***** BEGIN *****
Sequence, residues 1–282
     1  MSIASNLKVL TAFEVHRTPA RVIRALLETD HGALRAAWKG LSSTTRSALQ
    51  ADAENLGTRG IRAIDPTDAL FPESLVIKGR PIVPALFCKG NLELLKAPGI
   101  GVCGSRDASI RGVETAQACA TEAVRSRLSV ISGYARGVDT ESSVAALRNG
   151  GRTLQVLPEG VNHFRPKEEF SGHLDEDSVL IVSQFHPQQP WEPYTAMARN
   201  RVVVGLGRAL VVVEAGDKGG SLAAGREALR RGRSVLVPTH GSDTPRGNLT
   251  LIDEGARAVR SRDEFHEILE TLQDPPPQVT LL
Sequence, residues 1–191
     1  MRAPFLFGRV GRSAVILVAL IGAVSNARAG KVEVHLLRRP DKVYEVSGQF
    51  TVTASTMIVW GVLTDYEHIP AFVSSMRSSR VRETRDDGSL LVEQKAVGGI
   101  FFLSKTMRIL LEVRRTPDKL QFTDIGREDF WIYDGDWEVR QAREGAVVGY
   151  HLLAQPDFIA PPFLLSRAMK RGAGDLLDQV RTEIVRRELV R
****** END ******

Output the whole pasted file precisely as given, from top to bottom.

Sequence, residues 1–282
     1  MSIASNLKVL TAFEVHRTPA RVIRALLETD HGALRAAWKG LSSTTRSALQ
    51  ADAENLGTRG IRAIDPTDAL FPESLVIKGR PIVPALFCKG NLELLKAPGI
   101  GVCGSRDASI RGVETAQACA TEAVRSRLSV ISGYARGVDT ESSVAALRNG
   151  GRTLQVLPEG VNHFRPKEEF SGHLDEDSVL IVSQFHPQQP WEPYTAMARN
   201  RVVVGLGRAL VVVEAGDKGG SLAAGREALR RGRSVLVPTH GSDTPRGNLT
   251  LIDEGARAVR SRDEFHEILE TLQDPPPQVT LL
Sequence, residues 1–191
     1  MRAPFLFGRV GRSAVILVAL IGAVSNARAG KVEVHLLRRP DKVYEVSGQF
    51  TVTASTMIVW GVLTDYEHIP AFVSSMRSSR VRETRDDGSL LVEQKAVGGI
   101  FFLSKTMRIL LEVRRTPDKL QFTDIGREDF WIYDGDWEVR QAREGAVVGY
   151  HLLAQPDFIA PPFLLSRAMK RGAGDLLDQV RTEIVRRELV R